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Self Employed Loans

While it may take a little more paperwork and planning to arrange self-employed home loans, you are not alone, and there are services available in order for you to obtain a mortgage.

Self-employed people can find the mortgage process more difficult to navigate than those in traditional employment.

The self-employed often have a changing clientele and no regular revenue, so when mortgage lenders assess income as part of the initial approval process, the applicant has more work to do to prove they will be able to make repayments.

Usually, mortgage applicants have a regular income they can easily show to lenders to secure a loan, but entrepreneurs, small business owners and freelance professionals will have to use tax returns, contracts and financial statements as proof of income.

According to Independent Contractors Australia (ICA), 17.2 per cent of Australians in the workforce were self-employed in 2012, which equates to nearly two million workers in this situation.

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Self-employment history

Lenders may require tax returns and quarterly profit and loss statements as proof of income, regardless of whether you have a good credit history or a portfolio of assets.

Building up these portfolios for lenders to assess can take time. Usually a minimum of two years of self-employment with appropriate documentation is required for a mortgage application, although if you can provide a longer history, you will be in a better place to apply for a loan.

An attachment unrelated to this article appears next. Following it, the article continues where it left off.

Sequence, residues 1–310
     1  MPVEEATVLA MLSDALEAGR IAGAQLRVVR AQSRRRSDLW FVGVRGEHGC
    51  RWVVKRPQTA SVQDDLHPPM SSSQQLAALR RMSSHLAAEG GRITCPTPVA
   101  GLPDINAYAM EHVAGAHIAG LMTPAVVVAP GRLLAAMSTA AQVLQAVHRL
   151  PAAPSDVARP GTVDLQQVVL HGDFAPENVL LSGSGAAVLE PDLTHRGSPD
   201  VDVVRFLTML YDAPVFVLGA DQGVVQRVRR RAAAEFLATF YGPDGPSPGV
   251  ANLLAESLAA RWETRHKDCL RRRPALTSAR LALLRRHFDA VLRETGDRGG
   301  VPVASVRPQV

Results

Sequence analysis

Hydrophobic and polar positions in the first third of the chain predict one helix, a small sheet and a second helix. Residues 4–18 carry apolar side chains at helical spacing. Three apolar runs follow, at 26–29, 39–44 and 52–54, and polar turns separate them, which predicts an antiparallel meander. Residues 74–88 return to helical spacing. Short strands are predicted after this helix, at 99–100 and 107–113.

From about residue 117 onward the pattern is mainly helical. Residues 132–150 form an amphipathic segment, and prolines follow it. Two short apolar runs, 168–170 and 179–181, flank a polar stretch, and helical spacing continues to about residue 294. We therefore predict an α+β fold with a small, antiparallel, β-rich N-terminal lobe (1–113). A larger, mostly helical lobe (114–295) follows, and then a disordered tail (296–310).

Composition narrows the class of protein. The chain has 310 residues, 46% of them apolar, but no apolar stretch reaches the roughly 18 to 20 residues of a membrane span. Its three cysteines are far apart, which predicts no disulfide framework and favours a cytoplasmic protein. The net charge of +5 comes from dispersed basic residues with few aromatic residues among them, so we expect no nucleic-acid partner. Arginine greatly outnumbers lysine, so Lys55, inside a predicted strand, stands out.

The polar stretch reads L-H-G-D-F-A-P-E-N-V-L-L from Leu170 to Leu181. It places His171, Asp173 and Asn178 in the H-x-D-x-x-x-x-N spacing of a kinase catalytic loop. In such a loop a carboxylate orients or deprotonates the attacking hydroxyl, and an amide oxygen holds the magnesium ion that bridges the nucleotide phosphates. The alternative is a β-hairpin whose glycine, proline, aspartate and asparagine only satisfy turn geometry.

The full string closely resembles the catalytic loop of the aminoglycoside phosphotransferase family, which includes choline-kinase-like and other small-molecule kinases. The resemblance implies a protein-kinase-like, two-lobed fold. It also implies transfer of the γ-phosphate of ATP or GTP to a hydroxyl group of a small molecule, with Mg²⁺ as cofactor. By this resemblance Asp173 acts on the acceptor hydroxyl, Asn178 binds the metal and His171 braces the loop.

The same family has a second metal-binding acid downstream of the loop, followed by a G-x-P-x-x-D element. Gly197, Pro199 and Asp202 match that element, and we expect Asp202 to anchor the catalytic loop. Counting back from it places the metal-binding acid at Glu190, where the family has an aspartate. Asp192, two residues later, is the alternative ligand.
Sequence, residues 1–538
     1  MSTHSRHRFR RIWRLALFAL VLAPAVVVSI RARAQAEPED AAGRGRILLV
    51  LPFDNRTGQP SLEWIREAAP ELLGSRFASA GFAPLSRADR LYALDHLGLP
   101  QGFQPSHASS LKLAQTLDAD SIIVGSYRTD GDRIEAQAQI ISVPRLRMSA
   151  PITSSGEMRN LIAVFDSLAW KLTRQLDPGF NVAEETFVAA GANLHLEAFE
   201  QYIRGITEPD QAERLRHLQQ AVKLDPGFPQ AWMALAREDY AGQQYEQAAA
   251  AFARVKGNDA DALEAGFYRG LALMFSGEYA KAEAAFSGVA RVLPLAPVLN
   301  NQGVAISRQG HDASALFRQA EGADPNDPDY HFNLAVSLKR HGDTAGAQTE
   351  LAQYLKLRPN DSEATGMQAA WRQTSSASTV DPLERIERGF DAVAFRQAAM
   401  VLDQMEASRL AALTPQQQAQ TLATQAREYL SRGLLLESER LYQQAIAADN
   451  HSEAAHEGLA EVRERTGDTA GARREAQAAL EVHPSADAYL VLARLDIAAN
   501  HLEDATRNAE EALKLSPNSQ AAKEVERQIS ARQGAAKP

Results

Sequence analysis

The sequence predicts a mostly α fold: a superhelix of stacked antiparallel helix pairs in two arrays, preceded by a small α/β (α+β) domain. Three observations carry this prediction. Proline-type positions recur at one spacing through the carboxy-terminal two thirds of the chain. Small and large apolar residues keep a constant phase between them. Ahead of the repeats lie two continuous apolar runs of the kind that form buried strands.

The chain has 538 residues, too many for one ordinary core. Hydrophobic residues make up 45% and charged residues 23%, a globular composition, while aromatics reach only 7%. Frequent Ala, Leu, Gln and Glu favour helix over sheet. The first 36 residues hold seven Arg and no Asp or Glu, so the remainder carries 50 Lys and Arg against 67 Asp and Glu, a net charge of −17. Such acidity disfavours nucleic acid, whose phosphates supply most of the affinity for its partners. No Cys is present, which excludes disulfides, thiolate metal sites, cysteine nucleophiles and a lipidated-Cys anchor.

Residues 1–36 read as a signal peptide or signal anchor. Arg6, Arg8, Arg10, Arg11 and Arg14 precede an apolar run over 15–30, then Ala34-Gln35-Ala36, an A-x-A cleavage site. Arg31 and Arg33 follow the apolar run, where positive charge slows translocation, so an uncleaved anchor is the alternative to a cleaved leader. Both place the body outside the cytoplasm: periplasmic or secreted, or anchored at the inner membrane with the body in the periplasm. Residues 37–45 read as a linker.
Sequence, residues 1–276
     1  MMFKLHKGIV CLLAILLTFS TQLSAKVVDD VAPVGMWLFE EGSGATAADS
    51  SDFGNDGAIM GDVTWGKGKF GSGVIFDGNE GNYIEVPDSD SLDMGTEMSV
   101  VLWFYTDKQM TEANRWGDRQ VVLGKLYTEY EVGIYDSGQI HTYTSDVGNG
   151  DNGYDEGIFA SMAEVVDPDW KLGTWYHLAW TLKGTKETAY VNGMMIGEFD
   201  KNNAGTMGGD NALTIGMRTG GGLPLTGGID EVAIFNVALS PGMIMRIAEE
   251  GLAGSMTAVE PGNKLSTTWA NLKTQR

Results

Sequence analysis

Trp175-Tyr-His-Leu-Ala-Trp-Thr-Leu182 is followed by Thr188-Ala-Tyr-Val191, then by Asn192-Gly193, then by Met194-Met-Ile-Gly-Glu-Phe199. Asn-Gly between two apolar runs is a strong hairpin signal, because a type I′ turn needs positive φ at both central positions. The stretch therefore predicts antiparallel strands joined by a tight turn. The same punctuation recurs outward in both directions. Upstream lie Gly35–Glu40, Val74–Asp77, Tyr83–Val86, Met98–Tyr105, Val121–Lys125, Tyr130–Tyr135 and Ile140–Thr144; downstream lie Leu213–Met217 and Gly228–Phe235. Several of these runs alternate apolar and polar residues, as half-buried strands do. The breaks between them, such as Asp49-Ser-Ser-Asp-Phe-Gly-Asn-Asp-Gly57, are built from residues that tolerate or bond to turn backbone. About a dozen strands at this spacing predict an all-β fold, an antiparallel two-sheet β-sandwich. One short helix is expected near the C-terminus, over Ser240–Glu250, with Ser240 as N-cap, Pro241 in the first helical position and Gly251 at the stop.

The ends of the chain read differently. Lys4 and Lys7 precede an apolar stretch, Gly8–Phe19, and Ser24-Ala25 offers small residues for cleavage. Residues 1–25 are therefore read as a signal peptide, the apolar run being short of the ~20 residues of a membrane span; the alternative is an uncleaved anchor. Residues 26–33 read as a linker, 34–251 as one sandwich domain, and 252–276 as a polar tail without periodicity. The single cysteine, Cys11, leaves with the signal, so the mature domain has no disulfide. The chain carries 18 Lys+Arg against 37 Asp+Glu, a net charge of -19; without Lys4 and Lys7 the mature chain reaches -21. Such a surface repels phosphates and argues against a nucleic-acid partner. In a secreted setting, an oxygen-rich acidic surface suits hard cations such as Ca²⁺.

Debt-to-income ratio

Lending institutions will consider the debt-to-income ratio, preferring the figure to be around the 40 per cent mark. However if you have compensating factors such as a solid history of revenue and contracts, then they you may qualify for a mortgage with a ratio of up to 45 per cent.

Tax and your mortgage

One thing you will need to be aware of as a self-employed worker is how deducting business expenses can affect your mortgage application.

As tax returns are a large part of your application, any expenses deducted from your income for tax purposes can be detrimental to your mortgage limit by lowering your income.

Refinancing while self-employed

If you already have a mortgage, but are self-employed, your current assets will help you to refinance.

Lenders will still consider your revenues, but home equity will help you to obtain a refinanced mortgage.


Many lenders will require you to have cash reserves when you apply for a mortgage as a self-employed worker.

The rules will vary between lending institutions, but generally you will need a minimum of two months worth of housing payments for principals, interest, taxes and insurance.
This is in case of an emergency or situation where your income falters.


If you’re thinking about applying for a self-employed home loan, you can take a few steps to get you started.

Paying down debt will help with your debt-service ratio and help you to maintain a good credit rating.

You could also consider having someone co-sign your loan. This will give them title ownership of the property as well, but if you have issues with the application on your own then co-ownership may help you get into a home sooner.

Start collecting together your documentation. The more tax notices you have the better, financial statements will prove you have a steady cash flow, and historic and current contracts will demonstrate revenue streams.

The ICA believes that there will likely be a growing number of self-employed Australians as the population grows and there are more workers in the workforce who prefer to control their own employment.

If this is you, give AAA Mortgage Solutions a call on 1300 555 888 to talk about any concerns or queries.

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